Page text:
Flooding and water shortages will drive a revolution in the way we manage water resources. The water industry will need to be innovative, and to put an end to its short-sightedness, writes Merlin Hyman.
Policy, pricing and practice will have to change radically as we face up to these
The Environmental Industries Commission's (EIC) Water Pollution Control Working Group represents more than 80 leading companies supplying water pollution control technologies and services.
The group is promoting a more proactive lead from government and the regulators to the structures and measures needed to tackle the challenges facing the water environment.
Perhaps the biggest changes at present come from the WFD, which is leading to
a revolution in the way the water environment is managed, as well as much tougher targets for the quality of our rivers and watercourses.
The first deadline under the directive for water bodies to reach good ecological status is 2015. This is a huge challenge given the great majority of rivers and lakes currently are on course to fail this target.
Defra's approach to the directive has, disappointingly, been to go for the minimum possible requirements. But, even given this, the next Periodic Review of Water Prices will be key in funding some of the major projects that will be required to comply with directive.
It is worth remembering that compliance is not optional and that the European Court of Justice can hand out major fines to those failing to meet directive requirements.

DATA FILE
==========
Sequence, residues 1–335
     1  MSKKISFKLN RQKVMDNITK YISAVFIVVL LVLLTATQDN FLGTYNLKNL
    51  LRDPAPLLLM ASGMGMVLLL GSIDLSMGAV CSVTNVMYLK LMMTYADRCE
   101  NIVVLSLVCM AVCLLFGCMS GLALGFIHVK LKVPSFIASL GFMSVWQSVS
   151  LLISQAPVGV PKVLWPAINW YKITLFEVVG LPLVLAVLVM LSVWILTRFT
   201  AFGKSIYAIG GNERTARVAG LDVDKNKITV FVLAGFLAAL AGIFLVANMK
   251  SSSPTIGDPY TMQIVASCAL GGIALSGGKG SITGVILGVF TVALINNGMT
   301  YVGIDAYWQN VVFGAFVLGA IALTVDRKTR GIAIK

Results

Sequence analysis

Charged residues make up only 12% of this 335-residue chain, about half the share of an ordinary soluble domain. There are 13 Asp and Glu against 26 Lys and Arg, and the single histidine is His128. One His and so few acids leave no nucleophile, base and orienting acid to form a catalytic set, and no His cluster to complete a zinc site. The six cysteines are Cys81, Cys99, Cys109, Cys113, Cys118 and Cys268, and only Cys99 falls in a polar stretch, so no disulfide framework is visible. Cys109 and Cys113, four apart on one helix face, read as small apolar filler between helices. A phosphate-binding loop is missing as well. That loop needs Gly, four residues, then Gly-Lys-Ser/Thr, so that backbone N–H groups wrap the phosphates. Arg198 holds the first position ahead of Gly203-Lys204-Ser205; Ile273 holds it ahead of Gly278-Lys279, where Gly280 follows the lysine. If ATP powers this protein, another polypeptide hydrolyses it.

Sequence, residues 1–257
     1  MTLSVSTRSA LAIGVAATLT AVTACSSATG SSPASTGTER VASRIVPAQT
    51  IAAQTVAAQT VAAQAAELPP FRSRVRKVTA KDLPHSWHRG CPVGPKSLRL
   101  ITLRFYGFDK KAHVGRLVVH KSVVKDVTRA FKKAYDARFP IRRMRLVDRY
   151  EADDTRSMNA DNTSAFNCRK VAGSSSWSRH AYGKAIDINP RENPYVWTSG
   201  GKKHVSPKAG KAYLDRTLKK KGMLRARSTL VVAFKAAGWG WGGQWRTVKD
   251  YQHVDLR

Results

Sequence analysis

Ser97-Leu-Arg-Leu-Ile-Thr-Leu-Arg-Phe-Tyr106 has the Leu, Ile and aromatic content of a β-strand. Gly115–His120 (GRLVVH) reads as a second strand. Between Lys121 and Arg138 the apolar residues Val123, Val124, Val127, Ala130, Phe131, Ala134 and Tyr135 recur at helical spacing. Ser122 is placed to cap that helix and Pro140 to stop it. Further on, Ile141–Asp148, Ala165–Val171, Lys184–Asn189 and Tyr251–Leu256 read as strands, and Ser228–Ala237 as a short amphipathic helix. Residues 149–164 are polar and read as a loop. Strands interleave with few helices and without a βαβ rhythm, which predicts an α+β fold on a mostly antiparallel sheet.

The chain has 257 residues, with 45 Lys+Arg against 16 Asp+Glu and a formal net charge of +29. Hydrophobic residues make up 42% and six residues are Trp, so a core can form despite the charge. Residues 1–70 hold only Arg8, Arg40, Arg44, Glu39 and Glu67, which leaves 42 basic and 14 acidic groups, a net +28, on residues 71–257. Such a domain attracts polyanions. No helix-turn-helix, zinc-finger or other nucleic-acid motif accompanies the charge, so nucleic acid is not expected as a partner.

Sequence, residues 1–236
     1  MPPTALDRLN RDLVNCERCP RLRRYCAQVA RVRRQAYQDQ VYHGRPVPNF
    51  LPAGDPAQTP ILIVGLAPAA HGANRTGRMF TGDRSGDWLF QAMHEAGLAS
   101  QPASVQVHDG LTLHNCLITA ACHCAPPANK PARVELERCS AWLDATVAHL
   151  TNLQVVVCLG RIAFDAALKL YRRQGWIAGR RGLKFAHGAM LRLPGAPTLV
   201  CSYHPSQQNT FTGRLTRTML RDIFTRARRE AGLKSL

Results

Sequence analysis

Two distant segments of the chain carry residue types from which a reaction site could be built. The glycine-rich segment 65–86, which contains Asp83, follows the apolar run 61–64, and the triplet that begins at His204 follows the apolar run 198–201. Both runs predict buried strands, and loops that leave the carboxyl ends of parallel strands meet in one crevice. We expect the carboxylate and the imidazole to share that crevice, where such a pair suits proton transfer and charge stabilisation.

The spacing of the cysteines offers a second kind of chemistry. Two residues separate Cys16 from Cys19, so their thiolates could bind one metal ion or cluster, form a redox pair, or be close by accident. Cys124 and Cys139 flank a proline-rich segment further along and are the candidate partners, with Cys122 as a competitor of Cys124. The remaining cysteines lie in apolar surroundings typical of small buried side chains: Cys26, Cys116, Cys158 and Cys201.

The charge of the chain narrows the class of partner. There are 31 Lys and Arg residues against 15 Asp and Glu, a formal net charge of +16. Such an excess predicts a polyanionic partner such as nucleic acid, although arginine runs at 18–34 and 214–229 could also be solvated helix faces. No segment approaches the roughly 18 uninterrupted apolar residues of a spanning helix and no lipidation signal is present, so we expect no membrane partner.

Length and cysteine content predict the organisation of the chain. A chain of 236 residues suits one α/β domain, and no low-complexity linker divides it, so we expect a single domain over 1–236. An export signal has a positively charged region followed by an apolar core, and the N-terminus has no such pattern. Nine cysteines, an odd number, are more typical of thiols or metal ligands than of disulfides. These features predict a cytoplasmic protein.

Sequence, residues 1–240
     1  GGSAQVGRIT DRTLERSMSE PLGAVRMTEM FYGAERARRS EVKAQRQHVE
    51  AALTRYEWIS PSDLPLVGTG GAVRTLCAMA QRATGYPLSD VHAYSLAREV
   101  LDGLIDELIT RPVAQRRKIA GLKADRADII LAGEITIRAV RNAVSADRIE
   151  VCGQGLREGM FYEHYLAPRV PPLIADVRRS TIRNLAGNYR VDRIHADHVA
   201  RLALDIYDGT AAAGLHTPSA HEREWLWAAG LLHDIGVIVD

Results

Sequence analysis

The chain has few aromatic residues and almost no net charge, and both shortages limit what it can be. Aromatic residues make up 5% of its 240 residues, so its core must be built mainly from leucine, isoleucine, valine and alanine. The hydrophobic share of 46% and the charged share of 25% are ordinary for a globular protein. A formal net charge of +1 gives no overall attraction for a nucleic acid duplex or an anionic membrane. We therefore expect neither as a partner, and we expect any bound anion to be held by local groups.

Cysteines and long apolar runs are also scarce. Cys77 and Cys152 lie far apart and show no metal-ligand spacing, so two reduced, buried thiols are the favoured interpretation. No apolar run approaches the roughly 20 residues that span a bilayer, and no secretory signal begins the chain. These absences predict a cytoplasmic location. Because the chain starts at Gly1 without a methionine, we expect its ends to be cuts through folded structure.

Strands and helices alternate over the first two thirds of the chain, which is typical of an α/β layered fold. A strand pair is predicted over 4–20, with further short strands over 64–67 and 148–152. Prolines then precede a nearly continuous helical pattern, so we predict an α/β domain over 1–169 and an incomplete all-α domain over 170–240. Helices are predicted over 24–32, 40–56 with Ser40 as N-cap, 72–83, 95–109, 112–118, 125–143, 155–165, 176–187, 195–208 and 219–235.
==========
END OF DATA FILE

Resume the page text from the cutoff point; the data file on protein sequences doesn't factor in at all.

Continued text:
EIC will be pushing for a clear Programme of Measures to achieve the directive standards and for the Periodic Review. This is to ensure those measures that apply to the water industry are funded. EIC is also working on encouraging broader measures, in particular sustainable urban drainage systems, towards a more sustainable water environment.
As we go forward, it is widely acknowledged climate change will drive a revolution in the way we manage water resources.
Flooding and water shortages, already major problems, will grow yet further placing a premium on water conservation and efficiency.
In responding to these challenges, the water sector will need to be innovative in its use of technology and solutions. But the five-year cycle of funding has promoted short-term thinking, a lack of innovation, and a boom-and-bust environment for the supply chain.
Examples abound of projects needing to be upgraded just a few years after construction at much greater cost than doing it at the start. And many energy-hungry, bolt-on solutions are used rather than more sustainable ones.
A key challenge now for the water sector, therefore, is to develop a more innovative approach that focuses on whole-life costs. EIC is lobbying Ofwat to recognise that it has to do more to tackle the short-term approach in the next Periodic Review to take a big step in this direction.
It is time to recognise the scale of the challenges for the water environment and
the changes needed, and for a step change in the urgency with which we are responding.
Putting it off will only increase costs when we do respond. And those countries that take the lead will develop the technologies and skills to export as the rest of the world responds to climate change.
To promote debate, EIC is working with Faversham House Group, publisher of WET News and organiser of the IWEX 2007 event. IWEX 2007 is part of Sustainabilitylive!, the UK's largest forum for excellence and innovation in water, environment, land and energy. EIC will be running a major conference on May 1 at the exhibition. This will cover a variety of topics concerning:
- The future of the water environment
- Using water efficiently: intelligent water conservation
- Period review 2010-2015: end of boom and bust?
Merlin Hyman is director of EIC. T: 0207 935 1675.